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The number of Australians receiving pharmacotherapy treatment for dependence on opioid drugs such as heroin continues to rise, and the proportion of older clients is also increasing, according to a report released today by the Australian Institute of Health and Welfare (AIHW).
The findings of the National Opioid Pharmacotherapy Statistics Annual Data Collection: 2010 report show that on a snapshot day in 2010 there were over 46,000 clients who received pharmacotherapy for opioid dependence.
‘There was a rise of just over 2,600 clients between 2009 and 2010 which is consistent with the growth of pharmacotherapy treatment we have seen in recent years,’ said Amber Jefferson of the AIHW’s Drug Surveys and Services Unit.
‘Since 2006, there has been a shift towards older clients receiving treatment, with the proportion of clients aged 30 years and over rising from 72% to 82% and the proportion of clients aged under 30 falling in 2010.’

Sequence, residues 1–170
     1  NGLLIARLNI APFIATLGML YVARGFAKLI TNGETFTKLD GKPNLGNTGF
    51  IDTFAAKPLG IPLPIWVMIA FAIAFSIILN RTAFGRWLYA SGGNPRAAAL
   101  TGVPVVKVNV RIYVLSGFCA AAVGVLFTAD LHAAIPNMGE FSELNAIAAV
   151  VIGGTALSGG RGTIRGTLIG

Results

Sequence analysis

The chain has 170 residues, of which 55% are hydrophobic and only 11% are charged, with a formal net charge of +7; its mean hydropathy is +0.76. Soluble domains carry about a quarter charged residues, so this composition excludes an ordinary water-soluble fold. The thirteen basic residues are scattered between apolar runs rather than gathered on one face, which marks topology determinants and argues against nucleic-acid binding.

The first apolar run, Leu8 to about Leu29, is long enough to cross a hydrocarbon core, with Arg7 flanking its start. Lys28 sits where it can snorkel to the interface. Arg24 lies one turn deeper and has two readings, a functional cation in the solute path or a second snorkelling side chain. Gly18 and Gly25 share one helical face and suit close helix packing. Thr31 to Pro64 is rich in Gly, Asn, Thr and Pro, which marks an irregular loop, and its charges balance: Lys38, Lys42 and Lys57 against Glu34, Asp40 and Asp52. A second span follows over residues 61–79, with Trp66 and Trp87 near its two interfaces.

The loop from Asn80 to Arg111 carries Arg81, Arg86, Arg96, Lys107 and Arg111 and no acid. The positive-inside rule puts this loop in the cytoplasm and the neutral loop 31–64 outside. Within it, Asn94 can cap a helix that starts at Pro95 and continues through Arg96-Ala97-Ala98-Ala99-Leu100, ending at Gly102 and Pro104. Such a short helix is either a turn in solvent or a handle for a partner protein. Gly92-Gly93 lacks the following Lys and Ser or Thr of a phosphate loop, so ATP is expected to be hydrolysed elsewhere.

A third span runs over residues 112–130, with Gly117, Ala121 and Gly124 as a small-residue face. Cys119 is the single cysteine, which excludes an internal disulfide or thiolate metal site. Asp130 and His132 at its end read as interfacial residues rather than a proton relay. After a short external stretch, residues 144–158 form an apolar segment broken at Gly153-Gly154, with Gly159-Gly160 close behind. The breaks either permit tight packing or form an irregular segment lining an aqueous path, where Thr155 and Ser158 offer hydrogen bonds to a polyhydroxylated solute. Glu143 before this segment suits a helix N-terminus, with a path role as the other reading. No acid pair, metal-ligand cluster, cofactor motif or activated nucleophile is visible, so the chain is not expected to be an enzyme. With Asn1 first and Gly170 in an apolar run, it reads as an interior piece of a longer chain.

‘While the number of clients receiving pharmacotherapy for opioid dependence increased in 2010, the number of clients below the age of 30 has dropped since 2006.’
‘The ratio of male to female clients has remained the same over recent years, with males making up about two-thirds of all clients,’ Ms Jefferson said.
Also consistent with findings in previous years, methadone was the most common pharmacotherapy drug, with close to 7 out of 10 clients receiving this form of treatment. The remaining clients received either buprenorphine or buprenorphine/naloxone.
‘There was a small rise in the number of dosing point sites in Australia, up from 2,157 in 2009 to 2,200 in 2010,’ Ms Jefferson said.
Most opioid pharmacotherapy dosing point sites were located in pharmacies.
The number of clients per dosing point site across Australia has been rising slowly in recent years, with 21 clients per dosing site in 2010 compared with 19 in 2006.
The AIHW is a major national agency set up by the Australian Government to provide reliable, regular and relevant information and statistics on Australia’s health and welfare.
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